Having trouble finding valuble information on the Gulf of St. Lawrence… Ice bergs, tides, trade winds, anchorages, shipping, fog, etc. If you or anyone you know has sailed the St. Lawrence out to the Atlantic, I would love to hear from you. Anyone have charts?

We will have a Delorme InReach, and possibly an Iridium-Go as well. Advice on  communication and receiving weather with either of these devices would be helpful.

Anyone have a Hydrovane? Just tell me how much you love it please cause I already sent the check.

Still in search of an appropriate medical kit / contacts who might be of assistance or have any loaner kits.

Does anyone have a drogue appropriately sized for a 37′ yawl ?!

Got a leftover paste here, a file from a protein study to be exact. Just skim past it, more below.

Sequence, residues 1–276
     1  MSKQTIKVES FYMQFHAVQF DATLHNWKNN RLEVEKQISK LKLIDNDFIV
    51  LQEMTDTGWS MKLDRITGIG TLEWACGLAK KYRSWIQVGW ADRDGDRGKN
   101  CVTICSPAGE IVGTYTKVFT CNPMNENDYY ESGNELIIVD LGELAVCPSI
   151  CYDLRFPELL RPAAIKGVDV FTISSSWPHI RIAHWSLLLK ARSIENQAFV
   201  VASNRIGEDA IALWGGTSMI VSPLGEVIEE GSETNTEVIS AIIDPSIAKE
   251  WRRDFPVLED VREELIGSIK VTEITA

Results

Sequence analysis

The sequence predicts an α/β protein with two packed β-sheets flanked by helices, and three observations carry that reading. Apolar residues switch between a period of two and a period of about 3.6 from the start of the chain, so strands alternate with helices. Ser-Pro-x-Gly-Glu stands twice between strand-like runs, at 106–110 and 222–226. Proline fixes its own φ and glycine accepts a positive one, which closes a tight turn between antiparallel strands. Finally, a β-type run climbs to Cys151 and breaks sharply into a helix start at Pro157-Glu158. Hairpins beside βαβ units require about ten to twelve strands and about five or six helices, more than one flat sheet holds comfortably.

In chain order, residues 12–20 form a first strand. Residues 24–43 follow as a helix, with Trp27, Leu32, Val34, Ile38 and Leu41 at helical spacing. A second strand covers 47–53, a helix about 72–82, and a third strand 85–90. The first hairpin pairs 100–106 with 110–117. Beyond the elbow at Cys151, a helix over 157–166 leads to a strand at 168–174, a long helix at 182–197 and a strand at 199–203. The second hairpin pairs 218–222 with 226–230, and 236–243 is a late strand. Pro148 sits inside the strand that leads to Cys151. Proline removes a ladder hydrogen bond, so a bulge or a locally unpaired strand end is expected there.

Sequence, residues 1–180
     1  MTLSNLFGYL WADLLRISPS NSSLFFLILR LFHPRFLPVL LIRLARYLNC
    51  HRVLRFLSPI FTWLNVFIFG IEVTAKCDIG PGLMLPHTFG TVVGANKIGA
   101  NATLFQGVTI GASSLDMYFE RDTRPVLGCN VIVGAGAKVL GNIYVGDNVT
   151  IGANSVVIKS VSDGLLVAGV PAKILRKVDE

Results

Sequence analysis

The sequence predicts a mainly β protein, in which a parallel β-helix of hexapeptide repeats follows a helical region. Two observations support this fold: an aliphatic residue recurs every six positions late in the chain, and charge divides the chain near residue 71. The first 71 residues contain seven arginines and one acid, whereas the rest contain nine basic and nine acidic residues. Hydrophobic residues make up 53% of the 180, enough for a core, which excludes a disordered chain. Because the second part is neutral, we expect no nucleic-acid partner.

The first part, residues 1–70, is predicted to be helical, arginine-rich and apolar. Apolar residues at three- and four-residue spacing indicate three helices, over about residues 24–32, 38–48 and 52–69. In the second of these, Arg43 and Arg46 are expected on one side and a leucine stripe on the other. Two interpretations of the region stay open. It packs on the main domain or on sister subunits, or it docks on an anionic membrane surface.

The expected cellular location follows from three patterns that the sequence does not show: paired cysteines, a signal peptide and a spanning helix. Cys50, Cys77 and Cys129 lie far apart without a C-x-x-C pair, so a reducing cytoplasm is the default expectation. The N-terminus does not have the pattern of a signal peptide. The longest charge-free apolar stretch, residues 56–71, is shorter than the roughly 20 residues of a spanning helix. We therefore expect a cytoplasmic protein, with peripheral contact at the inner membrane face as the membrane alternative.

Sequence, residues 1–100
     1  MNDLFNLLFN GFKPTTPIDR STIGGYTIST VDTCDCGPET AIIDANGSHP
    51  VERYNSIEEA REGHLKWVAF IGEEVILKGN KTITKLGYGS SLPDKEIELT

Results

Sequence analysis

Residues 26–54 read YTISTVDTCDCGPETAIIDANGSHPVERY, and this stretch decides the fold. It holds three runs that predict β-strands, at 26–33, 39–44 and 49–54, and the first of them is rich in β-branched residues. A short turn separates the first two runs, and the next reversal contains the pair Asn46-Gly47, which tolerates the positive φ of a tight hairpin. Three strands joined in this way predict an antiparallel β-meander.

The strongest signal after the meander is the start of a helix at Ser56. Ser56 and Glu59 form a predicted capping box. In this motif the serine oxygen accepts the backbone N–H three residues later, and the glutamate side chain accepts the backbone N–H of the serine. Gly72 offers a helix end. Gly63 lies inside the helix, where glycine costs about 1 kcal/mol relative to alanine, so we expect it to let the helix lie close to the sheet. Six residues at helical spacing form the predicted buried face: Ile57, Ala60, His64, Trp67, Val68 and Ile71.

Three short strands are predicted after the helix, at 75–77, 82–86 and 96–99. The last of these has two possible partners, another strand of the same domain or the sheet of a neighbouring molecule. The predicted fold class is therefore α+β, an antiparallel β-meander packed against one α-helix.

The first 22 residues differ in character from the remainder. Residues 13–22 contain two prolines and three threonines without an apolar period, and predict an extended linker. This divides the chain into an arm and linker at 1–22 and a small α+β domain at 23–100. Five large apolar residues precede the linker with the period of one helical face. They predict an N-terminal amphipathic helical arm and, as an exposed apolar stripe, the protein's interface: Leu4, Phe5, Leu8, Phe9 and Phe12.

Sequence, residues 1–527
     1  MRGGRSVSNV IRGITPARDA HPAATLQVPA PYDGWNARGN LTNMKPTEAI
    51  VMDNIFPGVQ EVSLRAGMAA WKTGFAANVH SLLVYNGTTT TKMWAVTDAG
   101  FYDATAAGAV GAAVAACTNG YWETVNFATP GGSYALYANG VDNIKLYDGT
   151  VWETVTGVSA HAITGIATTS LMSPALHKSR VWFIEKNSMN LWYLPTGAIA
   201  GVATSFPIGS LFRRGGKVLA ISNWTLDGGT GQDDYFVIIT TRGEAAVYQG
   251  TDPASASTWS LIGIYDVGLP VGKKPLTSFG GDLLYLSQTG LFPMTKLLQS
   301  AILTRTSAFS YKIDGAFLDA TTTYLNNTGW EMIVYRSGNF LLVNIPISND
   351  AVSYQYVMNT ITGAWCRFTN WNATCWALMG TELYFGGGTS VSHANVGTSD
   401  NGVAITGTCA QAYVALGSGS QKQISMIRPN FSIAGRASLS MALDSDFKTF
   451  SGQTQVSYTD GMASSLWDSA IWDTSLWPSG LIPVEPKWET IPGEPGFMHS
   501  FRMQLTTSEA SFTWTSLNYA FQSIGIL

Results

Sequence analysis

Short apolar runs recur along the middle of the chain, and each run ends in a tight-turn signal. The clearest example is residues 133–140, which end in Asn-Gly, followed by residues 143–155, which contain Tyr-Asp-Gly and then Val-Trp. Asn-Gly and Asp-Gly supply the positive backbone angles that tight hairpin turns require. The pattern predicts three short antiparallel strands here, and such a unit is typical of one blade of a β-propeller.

Desireé is currently in a yard sale state. Bit and bits (so english) tossed everywhere. Clutter is my claustrophobia. I put on my blinders every time I go out to the boat and focus on exactly what we need to work on that day.

Luke will be here in two weeks. I didn’t think I was needy. I am getting needy. And right now – I need him.

Doing my very best to live this romance novel on international engagement but I am stuck on an extensive chapter about boats. Since deciding to cross an ocean together one would think we were business partners, not lovers. I remind us to take breaks in this chapter and turn back to the romantic pages because I am complicated and seek a scientific balance that has not yet been discovered. That being said – we do make damn good business partners.